China's bubble

China's bubble also was fueled largely by cheap credit. Unlike the U.S., though, China has dodged a crash in home prices -- so far.

Three years ago, the central government began raising interest rates to calm home sales. It tightened requirements for down payments and mortgages, and it limited how many homes a family could buy. The result: Home prices nationally have dropped slowly. It's too soon to know if the retreat will continue to be manageable. Recently, the People's Bank of China retreated from its tough stance in order to tickle the weakening economy.

There's also a wild card: local bubbles in cities such as Beijing, Shenzhen and Guangzhou. There, prices are rising, and competing buyers line up outside sales offices. Chinese have few legal options besides real estate for investing their money, which fuels a buying frenzy.

The centrally run economy allows China to directly exert control. "When the Chinese government feels the sector is overheating, it can take mitigating action more easily than most other countries," says the Wharton School's Hoek-Smit.

But the central government does not have complete control. Local governments get a lot of revenue from owning and selling land to developers. Many cities are still raising land prices and selling to developers.

"They may be able to not have a major crash," Hoek-Smit says. But with home construction so important, as in the U.S., a housing slowdown will affect the national economy. Already, developer bankruptcies are hurting banks. "It's an enormous country," Hoek-Smit adds. "Different areas will be impacted differently."

What happened in Brazil

While cheap credit was inflating the U.S. bubble by 2003 or 2004, Brazil's housing market stayed normal until 2009, says Hoek-Smit. But then, Brazil, worried by the U.S. financial panic of 2008-09, created programs to stimulate its economy by subsidizing the building of 3 million low- and lower-middle-income homes. When the economy overheated, Brazil, like the U.S., failed to act quickly to slow the growth.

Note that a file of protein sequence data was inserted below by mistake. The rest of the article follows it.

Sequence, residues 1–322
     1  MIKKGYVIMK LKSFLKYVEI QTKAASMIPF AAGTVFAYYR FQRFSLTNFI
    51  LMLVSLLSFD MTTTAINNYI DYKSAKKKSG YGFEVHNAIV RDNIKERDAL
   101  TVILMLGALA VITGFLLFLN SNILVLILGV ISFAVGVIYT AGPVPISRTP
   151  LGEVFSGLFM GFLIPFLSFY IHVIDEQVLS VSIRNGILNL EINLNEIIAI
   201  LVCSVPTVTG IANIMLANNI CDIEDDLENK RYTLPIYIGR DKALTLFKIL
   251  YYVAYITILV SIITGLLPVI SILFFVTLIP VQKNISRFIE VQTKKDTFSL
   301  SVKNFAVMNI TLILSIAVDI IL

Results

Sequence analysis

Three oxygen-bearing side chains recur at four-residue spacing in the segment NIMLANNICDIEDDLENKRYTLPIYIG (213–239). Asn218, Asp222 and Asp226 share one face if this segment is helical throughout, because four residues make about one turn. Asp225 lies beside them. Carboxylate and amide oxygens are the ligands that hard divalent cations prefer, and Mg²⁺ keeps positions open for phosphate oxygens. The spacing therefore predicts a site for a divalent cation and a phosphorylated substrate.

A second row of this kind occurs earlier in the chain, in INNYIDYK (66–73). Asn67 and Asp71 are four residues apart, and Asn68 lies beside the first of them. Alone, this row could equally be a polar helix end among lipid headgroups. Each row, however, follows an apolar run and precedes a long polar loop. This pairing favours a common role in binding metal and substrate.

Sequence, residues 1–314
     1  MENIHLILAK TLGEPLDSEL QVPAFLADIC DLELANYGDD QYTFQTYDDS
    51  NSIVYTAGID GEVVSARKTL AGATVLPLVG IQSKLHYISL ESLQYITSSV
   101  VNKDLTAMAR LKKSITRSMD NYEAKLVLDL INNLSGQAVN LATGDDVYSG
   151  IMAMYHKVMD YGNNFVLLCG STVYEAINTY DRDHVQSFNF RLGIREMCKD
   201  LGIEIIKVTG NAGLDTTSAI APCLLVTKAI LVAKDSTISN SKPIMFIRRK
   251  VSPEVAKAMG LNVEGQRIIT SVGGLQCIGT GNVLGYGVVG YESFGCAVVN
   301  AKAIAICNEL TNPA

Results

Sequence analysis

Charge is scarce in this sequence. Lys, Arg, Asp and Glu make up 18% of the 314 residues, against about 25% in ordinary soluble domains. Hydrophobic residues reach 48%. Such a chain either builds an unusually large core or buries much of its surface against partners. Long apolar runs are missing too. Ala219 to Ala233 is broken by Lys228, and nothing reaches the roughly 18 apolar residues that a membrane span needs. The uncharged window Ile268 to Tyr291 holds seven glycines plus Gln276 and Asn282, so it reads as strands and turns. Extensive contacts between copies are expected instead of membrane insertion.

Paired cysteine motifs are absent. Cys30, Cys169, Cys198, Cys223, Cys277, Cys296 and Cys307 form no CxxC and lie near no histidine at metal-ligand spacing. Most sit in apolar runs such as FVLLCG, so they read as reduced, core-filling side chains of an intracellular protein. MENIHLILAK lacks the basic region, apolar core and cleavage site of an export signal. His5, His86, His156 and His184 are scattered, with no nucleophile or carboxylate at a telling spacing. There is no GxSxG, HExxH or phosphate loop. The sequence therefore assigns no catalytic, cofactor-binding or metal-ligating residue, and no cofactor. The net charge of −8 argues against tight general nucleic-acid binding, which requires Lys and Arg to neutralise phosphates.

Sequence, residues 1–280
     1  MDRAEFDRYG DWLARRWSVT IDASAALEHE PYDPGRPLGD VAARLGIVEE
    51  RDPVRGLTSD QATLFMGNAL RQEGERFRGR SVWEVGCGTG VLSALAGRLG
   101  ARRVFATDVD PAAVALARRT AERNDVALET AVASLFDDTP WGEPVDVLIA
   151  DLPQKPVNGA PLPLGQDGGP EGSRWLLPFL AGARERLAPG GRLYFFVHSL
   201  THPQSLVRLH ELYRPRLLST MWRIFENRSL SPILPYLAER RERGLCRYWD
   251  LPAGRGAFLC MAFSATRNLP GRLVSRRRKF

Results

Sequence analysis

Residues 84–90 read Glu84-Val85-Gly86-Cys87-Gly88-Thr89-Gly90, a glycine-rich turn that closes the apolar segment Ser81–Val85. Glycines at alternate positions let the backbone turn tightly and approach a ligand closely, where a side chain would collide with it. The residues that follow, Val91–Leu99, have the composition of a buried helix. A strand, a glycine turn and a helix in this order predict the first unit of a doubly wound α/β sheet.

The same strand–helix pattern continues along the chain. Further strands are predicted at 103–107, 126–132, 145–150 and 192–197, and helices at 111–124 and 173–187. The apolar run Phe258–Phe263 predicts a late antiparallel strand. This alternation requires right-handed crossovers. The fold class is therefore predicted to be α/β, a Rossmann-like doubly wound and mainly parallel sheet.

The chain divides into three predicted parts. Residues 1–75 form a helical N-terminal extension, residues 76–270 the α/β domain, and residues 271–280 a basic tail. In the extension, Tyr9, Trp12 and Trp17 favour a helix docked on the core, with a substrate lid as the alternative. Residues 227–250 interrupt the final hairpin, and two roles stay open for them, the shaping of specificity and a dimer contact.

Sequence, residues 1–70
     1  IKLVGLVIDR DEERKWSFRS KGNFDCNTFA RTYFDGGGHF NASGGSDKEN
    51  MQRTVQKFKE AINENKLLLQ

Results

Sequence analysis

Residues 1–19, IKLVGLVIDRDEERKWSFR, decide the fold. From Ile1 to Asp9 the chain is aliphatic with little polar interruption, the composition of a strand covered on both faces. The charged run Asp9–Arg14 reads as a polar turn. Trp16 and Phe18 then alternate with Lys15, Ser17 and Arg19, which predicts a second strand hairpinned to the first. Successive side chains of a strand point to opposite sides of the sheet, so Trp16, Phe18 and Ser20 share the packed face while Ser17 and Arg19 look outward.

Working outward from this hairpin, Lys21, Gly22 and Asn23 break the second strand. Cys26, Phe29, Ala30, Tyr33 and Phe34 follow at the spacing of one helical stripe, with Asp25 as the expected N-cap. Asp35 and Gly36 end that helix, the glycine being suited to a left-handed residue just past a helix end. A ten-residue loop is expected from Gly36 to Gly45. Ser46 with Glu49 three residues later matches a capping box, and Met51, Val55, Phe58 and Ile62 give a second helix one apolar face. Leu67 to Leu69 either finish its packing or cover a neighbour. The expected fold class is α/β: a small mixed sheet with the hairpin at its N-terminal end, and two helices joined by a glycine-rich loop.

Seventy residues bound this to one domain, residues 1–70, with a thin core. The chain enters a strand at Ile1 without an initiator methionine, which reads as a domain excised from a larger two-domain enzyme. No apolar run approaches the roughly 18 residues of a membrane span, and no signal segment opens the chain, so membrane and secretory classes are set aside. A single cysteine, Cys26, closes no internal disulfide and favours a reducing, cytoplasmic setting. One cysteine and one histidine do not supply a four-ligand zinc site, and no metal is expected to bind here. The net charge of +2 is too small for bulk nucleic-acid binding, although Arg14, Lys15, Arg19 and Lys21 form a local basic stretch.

Brazil's expansion, like China's, helped raise a developing nation's living standard and put many poor families in decent homes. But the price of overdevelopment is now clear. A spring report by Capital Economics, an economic research company, estimates Brazilian real estate to be overvalued by as much as 50%. Prices have tripled in Rio de Janeiro and doubled in São Paolo since 2008.

House prices are "out of all proportion" to incomes and rents -- classic tip-offs to a bubble. Brazil's boom appears to have peaked in July 2011, says Global Property Guide publisher Matthew Montagu-Pollock.

Last year, 9 million Brazilians took out loans for the first time, Ricardo Loureiro, the president of credit company Experian's Latin American arm, Experian Serasa, told a Brazilian business magazine.

Vacancies are appearing even in Brazil's subsidized lower-income housing sector, a sign of subsiding demand. Rather than discourage lending, the government made credit easier, allowing 35-year mortgage terms to let even more lower-income people afford payments.